KUALA LUMPUR, April 27 — The upcoming Kuala Kubu Baru by-election comes at a pivotal moment for Prime Minister Datuk Seri Anwar Ibrahim’s administration, which has pledged significant reforms and progress but has yet to deliver substantial results.

The seat fell vacant following the death of its three-term assemblyman, Lee Kee Hiong, on March 21 due to cancer.

Marking the seventh by-election under the unity government, this electoral contest unfolds against a backdrop of pressing issues and contentious events.

From the “Allah” socks controversy to the prospect of fuel subsidy reductions, public concern looms large.


As the 47,412 voters in Kuala Kubu Baru prepare to cast their ballots on May 11, the by-election stands as a litmus test for the Anwar administration’s ability to translate promises into tangible change, amidst a landscape marked by scepticism and unresolved challenges.

Green shoots, green wave?

Yet, the current landscape does not guarantee success for Perikatan Nasional (PN) in Selangor, which has, in recent weeks, come to be perceived as a relatively pragmatic coalition, particularly in its response to the “Allah” socks controversy, where it backed a “ceasefire” amid escalating racial tensions.


The 15th general election (GE15) in 2022 and ensuing six state elections in August last year saw the “green wave” spearheaded by PN making further inroads into Selangor, Negeri Sembilan and Penang, while almost shutting out its rivals entirely in Kedah, Kelantan and Terengganu with an average voter turnout of 70.4 per cent.

Presently, however, Parti Pribumi Bersatu Malaysia (Bersatu), the lynchpin party of PN, is putting out fires on the home front as seven of its representatives — six MPs and one Selangor state assemblyman— have thrown their support behind Anwar.

This development has placed Tan Sri Muhyiddin Yassin, the president of Bersatu and chairman of PN, under scrutiny over his leadership abilities.

In an apparent effort to broaden its appeal among non-Malay voters, PN also recently welcomed the Malaysian Indian People’s Party (MIPP) into its ranks as its newest component, led by former MIC leader P. Punithan, who was also appointed as a deputy chairman of the PN coalition.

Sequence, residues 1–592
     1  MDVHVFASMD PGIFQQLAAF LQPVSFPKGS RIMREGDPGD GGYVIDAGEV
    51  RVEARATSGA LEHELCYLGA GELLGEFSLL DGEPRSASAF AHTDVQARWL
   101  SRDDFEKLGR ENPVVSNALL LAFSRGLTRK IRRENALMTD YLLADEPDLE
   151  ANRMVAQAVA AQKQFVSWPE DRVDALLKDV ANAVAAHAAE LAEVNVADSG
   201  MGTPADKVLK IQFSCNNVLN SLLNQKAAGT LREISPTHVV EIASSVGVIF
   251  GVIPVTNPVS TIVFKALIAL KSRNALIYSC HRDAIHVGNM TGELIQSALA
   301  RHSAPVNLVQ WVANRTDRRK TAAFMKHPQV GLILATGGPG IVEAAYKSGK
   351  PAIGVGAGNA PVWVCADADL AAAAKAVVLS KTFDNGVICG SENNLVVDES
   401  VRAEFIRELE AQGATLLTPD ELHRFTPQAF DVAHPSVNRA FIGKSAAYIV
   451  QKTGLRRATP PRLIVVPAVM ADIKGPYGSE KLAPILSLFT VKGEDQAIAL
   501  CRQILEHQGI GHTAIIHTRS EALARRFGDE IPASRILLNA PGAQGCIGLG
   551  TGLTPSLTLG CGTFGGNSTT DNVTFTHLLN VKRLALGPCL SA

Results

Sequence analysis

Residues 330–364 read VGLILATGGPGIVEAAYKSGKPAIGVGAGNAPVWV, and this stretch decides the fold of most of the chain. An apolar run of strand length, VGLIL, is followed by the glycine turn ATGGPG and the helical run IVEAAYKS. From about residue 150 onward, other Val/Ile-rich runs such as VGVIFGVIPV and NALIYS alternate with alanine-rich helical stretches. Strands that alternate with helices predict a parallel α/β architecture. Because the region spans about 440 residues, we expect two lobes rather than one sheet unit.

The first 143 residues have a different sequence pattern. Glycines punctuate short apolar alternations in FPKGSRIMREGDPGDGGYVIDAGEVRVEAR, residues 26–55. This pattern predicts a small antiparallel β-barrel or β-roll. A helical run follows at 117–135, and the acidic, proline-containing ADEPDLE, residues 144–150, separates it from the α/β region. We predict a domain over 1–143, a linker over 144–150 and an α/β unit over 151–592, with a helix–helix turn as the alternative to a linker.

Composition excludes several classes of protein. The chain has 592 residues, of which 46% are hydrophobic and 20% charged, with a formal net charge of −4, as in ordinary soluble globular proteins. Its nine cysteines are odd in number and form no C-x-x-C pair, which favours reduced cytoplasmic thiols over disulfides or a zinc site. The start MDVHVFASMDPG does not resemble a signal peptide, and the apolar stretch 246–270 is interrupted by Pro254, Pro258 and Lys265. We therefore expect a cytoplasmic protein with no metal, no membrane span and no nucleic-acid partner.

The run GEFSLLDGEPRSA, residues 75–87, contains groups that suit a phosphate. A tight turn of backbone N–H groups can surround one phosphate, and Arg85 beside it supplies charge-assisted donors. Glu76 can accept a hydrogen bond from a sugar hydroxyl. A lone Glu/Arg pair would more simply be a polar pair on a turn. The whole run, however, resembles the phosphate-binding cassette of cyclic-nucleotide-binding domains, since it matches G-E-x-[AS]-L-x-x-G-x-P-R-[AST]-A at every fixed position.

Selangor MB’s appeal

In last year’s state election, Kuala Kubu Baru incumbent, the late Lee Kee Hiong of DAP, successfully defended the seat, defeating Teoh Kien Hong (Gerakan), Siva Prakash Ramasamy (Muda), and Chang Boon Lai (Parti Rakyat Malaysia) with a majority of 4,119 votes.

Senior fellow at Nusantara Academy for Strategic Research, Azmi Hassan, said he believes this historical trend could repeat itself this time, attributing it more to the positive appeal of Selangor Menteri Besar Datuk Seri Amirudin Shari rather than Anwar’s influence.

“Yes, there are several issues that the federal government faces right now. Voters are quite upset, but this is a by-election in Kuala Kubu Baru. I think the state government of Selangor under Amirudin is doing pretty well. The state government’s efforts will basically save the day for Pakatan Harapan (PH) in Kuala Kubu Baru.

“The chances for PH or the unity government — in this case the DAP — to keep their seat is quite high,” Azmi said, noting that despite PN’s significant influence in the last state election, DAP still clinched the seat with a majority of over 4,000 votes.

Voter patterns

Syaza Syukri, political analyst at the International Islamic University Malaysia (IIUM), shared Azmi’s perspective but warned against underestimating PN’s prospects too hastily.

“I think DAP’s candidate still has a slight edge over PN’s because of the track record within the constituency itself, instead of looking at wider national politics. But it will be tough, because PN will be gunning for Malay votes.

“I think MIPP joining PN could definitely help PN win slightly more Indian voters, more from the community’s unhappiness with the government,” she told Malay Mail.

This view was echoed by Azmil Tayeb, a political analyst with Universiti Sains Malaysia, who agreed that PN might mount a campaign highlighting the government’s perceived weaknesses.

“The unity government’s chances depend on PH’s ability to fire up its supporters and maximise turnout.

“PN could campaign on corruption issues like it did in GE15, especially Zahid Hamidi’s DNAA and Najib’s pardon and house arrest.

“In last year’s state election, there was a discernible shift of Indian voters going to PN. We might see that trend again,” he said when contacted by Malay Mail.

Regarding the possibility of lower voter turnout due to political fatigue, Syaza stated that such by-elections typically witness a reduced number of voters.

“Because of that, every vote matters. The more politically motivated ones will go out to vote, but to get the others, it requires something major like a blunder by the government or something similar to the ‘Allah’ socks issue to rile up the people,” she added.

PN has named Hulu Selangor Bersatu acting division chief Khairul Azhari Saut as its candidate for Kuala Kubu Baru.

Muhyiddin made the announcement at the coalition’s by-election headquarters on Thursday, saying that the PN supreme council had unanimously agreed that the 54-year-old Hulu Selangor-born businessman was the right candidate to secure a win in the state by-election for the Opposition coalition.

PH, meanwhile, announced Pang Sock Tao as its candidate. Pang, 31, previously served as a news presenter for DAP’s UbahTV and as the press secretary to Local Government Minister Nga Kor Ming, among other career highlights.

The Election Commission (EC) has fixed April 27 for nominations and May 11 for polling.